About 15 minutes ago the jury just returned a guilty verdict on all counts. No news organizations have written this fact yet, heard about the verdict from fellow Deputies.
Hopefully the killer goes to his death.
Found an article printed about 2 hours ago prior to the verdict:
Defense attorneys offered no arguments Monday to the prosecution’s claims that their client, Jose Luis Orozco, killed a sheriff’s deputy in a calculated manner for fame and glory in his gang.
They offered no explanation for Deputy District Attorney Lowell Anger’s charge that their 29-year-old client also tried to kill another man just a few days before allegedly ambushing Deputy Jerry Ortiz on June 24, 2005, and that Orozco targeted the other victim – who is black – simply because of the color of his skin.
Anger described in detail the slain deputy’s final moments for the jury; how the officer was being watched by the armed defendant through a crack in a door.
The prosecutor talked about the alleged killer knowing full well that two girls, a 6-year-old and an 8-year-old, were only a few feet away watching the scene unfold.
"(Orozco) chose the one place … that Deputy Ortiz was vulnerable," Anger told the jury. "He had one shot, one chance if he was to kill Deputy Jerry Ortiz, he was going to have to strike him in the head."
When it came time for the defense to present its closing arguments, Attorney Robin Yanes said he waived the right.
Judge Philip Hickok excused the jury from the courtroom to ask Orozco if he was comfortable with the unorthodox decision. The defendant told the judge he had discussed it with his other attorney, Stan Perlo, and agreed.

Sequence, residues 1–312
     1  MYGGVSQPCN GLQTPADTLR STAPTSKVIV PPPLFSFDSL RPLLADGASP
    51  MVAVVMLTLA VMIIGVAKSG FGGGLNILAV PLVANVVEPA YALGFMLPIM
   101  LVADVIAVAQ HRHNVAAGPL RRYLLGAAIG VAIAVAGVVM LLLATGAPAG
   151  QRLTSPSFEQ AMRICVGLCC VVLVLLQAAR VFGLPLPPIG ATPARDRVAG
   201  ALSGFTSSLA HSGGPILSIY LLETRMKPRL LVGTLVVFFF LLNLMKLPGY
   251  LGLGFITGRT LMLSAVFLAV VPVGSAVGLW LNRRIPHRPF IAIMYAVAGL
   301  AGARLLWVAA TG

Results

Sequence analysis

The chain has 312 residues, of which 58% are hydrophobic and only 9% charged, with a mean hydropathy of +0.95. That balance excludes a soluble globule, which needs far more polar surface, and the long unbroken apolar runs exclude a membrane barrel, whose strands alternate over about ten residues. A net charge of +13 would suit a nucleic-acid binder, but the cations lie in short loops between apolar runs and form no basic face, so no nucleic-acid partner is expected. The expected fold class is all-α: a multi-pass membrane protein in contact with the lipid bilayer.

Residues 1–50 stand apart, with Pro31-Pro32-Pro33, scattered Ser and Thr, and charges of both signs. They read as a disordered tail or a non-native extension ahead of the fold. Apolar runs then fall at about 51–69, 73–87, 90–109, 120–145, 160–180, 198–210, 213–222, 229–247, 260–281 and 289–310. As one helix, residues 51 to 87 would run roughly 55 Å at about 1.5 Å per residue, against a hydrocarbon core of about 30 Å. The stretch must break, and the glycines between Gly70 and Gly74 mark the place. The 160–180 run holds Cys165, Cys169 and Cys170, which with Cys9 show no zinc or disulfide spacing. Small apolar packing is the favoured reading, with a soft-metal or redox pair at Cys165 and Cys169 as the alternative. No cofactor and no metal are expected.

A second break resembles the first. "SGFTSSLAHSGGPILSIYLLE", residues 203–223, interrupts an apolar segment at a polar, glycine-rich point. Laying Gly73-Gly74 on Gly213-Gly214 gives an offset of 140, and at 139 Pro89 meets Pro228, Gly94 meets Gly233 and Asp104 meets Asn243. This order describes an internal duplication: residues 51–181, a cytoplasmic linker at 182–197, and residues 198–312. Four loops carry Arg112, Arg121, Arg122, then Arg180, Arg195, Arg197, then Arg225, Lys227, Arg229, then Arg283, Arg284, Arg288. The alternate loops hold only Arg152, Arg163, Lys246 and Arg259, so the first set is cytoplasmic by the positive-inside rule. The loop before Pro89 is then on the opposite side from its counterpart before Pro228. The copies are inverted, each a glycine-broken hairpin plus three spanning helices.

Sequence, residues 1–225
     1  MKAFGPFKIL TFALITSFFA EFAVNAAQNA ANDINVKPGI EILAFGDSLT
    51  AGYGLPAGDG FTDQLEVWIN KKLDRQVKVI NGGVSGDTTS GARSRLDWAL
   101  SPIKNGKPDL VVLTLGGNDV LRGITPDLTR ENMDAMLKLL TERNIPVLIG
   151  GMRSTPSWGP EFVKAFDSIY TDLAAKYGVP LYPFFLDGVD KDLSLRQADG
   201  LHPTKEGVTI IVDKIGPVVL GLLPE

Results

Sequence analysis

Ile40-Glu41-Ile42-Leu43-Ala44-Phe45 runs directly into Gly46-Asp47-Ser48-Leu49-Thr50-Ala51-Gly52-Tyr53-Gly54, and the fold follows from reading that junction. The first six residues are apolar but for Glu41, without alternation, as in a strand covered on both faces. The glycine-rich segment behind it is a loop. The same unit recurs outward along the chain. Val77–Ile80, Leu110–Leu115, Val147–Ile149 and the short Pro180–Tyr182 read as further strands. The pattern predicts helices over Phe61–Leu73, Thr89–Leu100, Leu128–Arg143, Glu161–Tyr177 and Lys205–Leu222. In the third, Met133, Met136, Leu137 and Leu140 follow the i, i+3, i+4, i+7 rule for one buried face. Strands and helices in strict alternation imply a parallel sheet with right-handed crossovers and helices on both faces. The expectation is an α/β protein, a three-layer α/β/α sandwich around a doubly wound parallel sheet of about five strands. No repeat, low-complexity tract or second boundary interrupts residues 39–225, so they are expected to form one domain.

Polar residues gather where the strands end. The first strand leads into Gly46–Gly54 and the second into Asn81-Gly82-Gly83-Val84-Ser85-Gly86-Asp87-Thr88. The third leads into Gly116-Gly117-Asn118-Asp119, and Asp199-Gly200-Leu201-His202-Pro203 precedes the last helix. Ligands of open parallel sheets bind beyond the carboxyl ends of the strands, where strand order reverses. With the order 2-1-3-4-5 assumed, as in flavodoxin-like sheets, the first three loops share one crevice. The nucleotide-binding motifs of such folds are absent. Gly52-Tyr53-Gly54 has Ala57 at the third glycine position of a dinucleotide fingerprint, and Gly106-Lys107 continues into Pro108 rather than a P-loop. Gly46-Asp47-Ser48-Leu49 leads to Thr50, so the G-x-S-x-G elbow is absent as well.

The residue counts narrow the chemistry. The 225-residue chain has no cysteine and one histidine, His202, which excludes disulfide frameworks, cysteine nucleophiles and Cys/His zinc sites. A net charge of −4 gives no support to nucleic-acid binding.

"OK, I’ll accept that," Hickok said before calling the jury back into the courtroom to give them instructions before they began deliberations.[…]The jury, made up of five women and seven men, must decide whether Orozco is guilty of one count of murder in the gang investigator’s slaying, along with the special circumstance allegations of murder of a peace officer, murder while lying in wait, murder to avoid arrest and carrying out the crime to benefit his gang.
Orozco has also been charged with one count of attempted murder, stemming from the shooting that occurred four days before the deputy was killed and two counts of being a felon in possession of a gun.
Anger asked the jury to "do what is right and what is just," by delivering guilty verdicts on all counts.
The case, he said, is unusual in that it provided a mountain of evidence condemning the defendant.
Among the dozens of witnesses called to the stand were five eyewitnesses to the shooting, including the two girls, who are now 8 and 10.
They all testified that Orozco was hiding behind the open front door of an apartment in the 12200 block of East 223rd Street when the deputy was shot through a crack in that door, Anger argued.[…]Perhaps most damning was Orozco’s videotaped conversation with a fellow gang member and gang associate while in jail at the Bellflower courthouse, just a few days after the slaying.